Bone marrow transplantation is increasingly used in children to treat refractory malignant neoplasms, immunodeficiency syndromes, and hematopoietic and genetic disorders. In preparation for the transplantation, patients receive high doses of chemotherapeutic agents and total-body irradiation to destroy residual malignant cells or dysfunctional marrow and to prevent rejection of the graft. A variety of abdominal and pelvic complications may occur after transplantation because of pancytopenia, the direct toxic effects of the preparative regimen, graft-vs-host disease, or immunosuppression. This essay illustrates the CT and sonographic appearances of these complications.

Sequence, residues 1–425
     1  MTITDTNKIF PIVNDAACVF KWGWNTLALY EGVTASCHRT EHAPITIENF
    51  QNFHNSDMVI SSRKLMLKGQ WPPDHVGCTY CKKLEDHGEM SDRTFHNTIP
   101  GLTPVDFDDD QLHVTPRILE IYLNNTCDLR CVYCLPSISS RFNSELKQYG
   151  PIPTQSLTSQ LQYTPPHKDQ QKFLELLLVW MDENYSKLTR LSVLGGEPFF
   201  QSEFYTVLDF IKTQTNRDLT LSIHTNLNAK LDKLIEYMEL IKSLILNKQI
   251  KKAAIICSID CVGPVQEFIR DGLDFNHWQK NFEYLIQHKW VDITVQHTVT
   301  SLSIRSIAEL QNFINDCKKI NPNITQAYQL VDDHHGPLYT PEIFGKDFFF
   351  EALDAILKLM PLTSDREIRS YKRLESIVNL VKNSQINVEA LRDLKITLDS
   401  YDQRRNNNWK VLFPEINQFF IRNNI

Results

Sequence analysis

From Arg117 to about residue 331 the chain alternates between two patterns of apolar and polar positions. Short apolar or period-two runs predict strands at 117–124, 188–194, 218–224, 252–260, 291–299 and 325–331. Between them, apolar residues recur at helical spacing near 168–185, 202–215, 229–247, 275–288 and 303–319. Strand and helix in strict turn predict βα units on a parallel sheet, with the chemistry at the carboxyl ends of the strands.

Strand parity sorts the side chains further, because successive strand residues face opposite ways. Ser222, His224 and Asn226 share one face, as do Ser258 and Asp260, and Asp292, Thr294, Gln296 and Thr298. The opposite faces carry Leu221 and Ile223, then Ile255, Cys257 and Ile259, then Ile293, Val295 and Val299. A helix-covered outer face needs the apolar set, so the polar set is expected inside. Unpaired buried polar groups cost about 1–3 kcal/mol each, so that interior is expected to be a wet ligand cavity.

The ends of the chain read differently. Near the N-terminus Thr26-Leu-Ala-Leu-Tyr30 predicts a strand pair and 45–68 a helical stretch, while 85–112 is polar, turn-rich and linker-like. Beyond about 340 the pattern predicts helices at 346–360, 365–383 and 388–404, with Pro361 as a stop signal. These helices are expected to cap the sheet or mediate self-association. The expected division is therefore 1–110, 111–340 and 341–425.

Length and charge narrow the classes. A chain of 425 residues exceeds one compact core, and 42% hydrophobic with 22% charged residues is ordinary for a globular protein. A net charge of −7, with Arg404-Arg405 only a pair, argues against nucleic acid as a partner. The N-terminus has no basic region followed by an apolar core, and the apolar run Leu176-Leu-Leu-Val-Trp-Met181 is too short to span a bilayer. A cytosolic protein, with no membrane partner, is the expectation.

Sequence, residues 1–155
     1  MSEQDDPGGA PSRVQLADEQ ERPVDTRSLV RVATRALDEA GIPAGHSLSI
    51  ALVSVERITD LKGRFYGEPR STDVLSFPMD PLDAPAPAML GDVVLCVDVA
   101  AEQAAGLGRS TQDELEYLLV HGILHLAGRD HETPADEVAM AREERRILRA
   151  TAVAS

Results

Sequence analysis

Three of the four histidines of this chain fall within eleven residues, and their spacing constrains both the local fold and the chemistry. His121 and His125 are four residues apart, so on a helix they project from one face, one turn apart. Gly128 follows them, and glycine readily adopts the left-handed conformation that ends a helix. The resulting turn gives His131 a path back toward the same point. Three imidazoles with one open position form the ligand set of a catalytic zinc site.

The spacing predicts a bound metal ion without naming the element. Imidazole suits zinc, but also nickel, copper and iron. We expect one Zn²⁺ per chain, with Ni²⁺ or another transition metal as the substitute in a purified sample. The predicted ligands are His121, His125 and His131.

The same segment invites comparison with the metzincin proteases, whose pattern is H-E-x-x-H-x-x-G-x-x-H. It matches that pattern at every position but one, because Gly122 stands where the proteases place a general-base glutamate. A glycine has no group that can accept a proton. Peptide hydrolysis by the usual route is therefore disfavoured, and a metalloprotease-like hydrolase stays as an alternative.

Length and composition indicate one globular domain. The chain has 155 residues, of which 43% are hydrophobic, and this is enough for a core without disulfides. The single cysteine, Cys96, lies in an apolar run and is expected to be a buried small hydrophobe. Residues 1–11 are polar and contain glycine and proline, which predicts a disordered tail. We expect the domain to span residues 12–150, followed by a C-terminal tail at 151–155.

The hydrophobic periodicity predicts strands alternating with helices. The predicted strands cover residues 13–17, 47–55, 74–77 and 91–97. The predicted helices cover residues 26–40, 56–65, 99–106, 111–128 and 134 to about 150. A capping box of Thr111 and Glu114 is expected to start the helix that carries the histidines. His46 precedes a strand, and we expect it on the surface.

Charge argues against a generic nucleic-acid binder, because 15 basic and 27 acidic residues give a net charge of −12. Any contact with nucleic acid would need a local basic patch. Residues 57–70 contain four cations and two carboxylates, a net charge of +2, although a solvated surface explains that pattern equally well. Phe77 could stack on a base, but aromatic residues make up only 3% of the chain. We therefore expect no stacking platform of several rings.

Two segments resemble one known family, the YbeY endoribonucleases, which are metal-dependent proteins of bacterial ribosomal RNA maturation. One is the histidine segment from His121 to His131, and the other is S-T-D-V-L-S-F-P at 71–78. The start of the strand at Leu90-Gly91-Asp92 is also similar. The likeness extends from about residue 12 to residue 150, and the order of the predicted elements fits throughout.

ASJC Scopus subject areas
- Radiology Nuclear Medicine and imaging